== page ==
With these practices and spiritual experiences, some people believe that they will be better equipped to deal with difficulties that may come up in their life. This is due to the fact that they have a sense of direction. It also allows them to have faith in something greater than themselves and helps them cope when they face these difficulties.
One of the benefits of spirituality is that it can help people with neurodiversity cope with extenuating circumstances in life. This coping mechanism may be the best way for an Autistic person to adapt to a society that often does not understand them and will sometimes dismiss their identity.
Embracing these spiritual experiences whether alone or with a spiritual teacher in tow can also can be a helpful tool for those who are struggling with depression or other mental health problems. It gives Autistic children and adults alike an outlet for their emotions and allows them to work through difficult situations that would otherwise prevent them from moving forward.
Another advantage of spirituality and disability for many adults with disabilities it can help provide a sense of belonging in a mainstream society that sees them as inferior. When individuals with Autism feel as though they have a community of support, they are more likely to feel accepted and less likely to adhere to societal norms in order to fit into “polite society” and conform to stereotypes.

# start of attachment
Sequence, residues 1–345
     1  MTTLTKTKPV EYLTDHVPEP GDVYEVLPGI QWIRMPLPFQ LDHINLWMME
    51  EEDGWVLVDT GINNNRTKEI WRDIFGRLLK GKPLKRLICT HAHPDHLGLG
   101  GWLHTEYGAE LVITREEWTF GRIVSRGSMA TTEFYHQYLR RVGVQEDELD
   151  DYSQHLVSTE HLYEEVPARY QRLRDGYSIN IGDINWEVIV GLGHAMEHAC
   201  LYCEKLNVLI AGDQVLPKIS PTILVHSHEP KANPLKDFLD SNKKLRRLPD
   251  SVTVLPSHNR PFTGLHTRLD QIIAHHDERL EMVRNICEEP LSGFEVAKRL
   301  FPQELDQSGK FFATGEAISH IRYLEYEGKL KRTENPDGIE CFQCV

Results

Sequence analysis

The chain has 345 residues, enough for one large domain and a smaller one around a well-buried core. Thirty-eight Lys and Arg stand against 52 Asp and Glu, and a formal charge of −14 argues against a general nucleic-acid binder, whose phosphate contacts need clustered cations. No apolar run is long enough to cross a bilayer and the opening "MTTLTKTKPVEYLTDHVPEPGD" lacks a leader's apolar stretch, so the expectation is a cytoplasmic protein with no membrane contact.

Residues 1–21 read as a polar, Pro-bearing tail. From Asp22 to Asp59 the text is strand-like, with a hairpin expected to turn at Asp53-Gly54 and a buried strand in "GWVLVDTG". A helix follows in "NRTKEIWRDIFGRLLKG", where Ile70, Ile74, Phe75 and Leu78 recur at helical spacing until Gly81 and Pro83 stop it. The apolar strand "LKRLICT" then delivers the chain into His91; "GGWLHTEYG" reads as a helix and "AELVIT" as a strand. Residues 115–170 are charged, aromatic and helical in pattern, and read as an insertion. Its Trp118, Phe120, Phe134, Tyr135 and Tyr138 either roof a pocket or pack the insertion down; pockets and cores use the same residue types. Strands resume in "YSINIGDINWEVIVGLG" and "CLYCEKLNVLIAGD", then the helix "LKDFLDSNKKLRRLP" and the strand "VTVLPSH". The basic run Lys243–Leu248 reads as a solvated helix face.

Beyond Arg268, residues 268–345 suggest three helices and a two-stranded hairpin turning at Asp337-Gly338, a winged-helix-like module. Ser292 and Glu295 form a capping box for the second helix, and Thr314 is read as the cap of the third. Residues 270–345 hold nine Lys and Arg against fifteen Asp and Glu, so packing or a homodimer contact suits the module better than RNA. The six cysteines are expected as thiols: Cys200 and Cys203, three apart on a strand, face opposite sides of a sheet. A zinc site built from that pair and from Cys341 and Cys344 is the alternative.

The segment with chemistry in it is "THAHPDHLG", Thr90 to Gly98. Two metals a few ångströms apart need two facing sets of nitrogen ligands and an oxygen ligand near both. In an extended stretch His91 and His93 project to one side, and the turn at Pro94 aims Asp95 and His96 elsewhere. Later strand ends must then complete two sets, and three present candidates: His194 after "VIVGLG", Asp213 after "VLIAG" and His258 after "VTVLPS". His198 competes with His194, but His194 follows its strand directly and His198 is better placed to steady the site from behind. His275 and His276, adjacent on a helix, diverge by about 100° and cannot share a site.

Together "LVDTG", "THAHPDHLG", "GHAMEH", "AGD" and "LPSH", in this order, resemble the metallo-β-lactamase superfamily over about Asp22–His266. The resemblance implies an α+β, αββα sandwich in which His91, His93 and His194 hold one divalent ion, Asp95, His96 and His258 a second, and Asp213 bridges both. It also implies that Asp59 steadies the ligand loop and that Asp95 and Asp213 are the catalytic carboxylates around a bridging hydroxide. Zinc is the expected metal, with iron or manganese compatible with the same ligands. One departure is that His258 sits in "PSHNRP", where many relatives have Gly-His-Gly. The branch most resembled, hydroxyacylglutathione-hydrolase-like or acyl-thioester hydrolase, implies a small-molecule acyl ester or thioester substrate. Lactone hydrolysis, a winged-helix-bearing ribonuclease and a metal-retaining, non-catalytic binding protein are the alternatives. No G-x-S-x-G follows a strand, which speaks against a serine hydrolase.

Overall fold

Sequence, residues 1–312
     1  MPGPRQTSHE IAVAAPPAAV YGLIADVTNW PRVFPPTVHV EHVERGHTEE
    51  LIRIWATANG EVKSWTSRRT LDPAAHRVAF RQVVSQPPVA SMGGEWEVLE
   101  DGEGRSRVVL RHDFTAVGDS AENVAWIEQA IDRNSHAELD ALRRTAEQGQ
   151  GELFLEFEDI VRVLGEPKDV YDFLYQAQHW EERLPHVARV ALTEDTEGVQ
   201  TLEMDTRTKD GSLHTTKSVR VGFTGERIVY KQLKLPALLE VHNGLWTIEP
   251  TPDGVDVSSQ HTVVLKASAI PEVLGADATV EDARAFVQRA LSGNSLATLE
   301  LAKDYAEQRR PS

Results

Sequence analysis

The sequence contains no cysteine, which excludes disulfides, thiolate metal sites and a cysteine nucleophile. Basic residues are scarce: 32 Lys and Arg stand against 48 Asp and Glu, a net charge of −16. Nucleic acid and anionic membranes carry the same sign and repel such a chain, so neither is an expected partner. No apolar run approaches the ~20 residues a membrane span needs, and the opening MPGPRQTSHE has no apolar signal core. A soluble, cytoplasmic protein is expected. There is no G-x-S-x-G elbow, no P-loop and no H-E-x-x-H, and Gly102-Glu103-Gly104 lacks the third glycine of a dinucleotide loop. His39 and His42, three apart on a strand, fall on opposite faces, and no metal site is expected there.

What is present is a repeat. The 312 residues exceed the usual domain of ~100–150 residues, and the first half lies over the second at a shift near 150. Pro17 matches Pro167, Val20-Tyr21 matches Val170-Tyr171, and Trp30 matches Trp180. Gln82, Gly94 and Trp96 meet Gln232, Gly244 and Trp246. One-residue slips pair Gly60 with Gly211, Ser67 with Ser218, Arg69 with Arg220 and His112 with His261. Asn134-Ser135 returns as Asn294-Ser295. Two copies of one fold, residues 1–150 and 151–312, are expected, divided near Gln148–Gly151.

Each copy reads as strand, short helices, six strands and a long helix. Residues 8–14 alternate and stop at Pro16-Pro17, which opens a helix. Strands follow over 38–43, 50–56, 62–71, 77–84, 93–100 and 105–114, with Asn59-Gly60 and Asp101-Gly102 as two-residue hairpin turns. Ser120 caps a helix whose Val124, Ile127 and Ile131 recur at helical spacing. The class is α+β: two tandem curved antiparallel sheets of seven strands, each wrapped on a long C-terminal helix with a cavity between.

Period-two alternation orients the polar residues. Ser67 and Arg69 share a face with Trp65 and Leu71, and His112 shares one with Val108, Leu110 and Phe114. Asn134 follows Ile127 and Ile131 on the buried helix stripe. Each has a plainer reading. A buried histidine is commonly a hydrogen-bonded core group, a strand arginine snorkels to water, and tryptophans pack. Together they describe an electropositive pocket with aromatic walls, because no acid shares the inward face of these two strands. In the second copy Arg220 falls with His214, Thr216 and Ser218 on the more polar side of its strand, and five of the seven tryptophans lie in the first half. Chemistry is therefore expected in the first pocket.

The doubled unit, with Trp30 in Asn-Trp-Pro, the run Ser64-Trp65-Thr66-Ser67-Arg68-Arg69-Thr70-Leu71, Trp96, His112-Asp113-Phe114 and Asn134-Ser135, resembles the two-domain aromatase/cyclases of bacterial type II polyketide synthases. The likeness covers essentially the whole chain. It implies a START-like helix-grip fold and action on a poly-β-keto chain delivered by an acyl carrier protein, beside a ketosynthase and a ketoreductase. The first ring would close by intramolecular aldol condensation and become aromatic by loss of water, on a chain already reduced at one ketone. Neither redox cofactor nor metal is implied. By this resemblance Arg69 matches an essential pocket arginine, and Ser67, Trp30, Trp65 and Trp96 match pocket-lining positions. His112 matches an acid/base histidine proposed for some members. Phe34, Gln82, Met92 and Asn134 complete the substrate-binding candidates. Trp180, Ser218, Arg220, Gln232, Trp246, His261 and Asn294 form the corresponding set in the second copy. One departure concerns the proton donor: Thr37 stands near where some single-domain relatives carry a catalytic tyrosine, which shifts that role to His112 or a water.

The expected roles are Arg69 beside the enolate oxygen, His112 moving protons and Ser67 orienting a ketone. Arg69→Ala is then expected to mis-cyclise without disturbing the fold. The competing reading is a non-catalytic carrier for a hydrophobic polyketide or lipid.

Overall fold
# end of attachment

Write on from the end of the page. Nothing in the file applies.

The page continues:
Many people with Autism Spectrum Disorders find this especially challenging because they struggle with social anxiety and learned social skills such as eye contact. Many also struggle with mental health problems that inhibit their ability to interact with others on a day-to-day basis. When someone feels accepted by their spiritual community, it greatly increases their self-esteem. This helps mitigate some of these struggles faced their entire lives, and reduces the need for mental health treatment.
Spirituality isn’t just about religion, but also a better understanding of how we connect with the world as a whole
Spirituality is often described as the journey to find meaning, spirituality, or peace within oneself. For many people, this journey to spiritual enlightenment consists of finding a higher power who they can connect with in order to make sense of the world around them and their place in it. This connection allows them to find comfort and strength when they experience life’s difficulties. It also helps people feel validated and connected when they are struggling with something.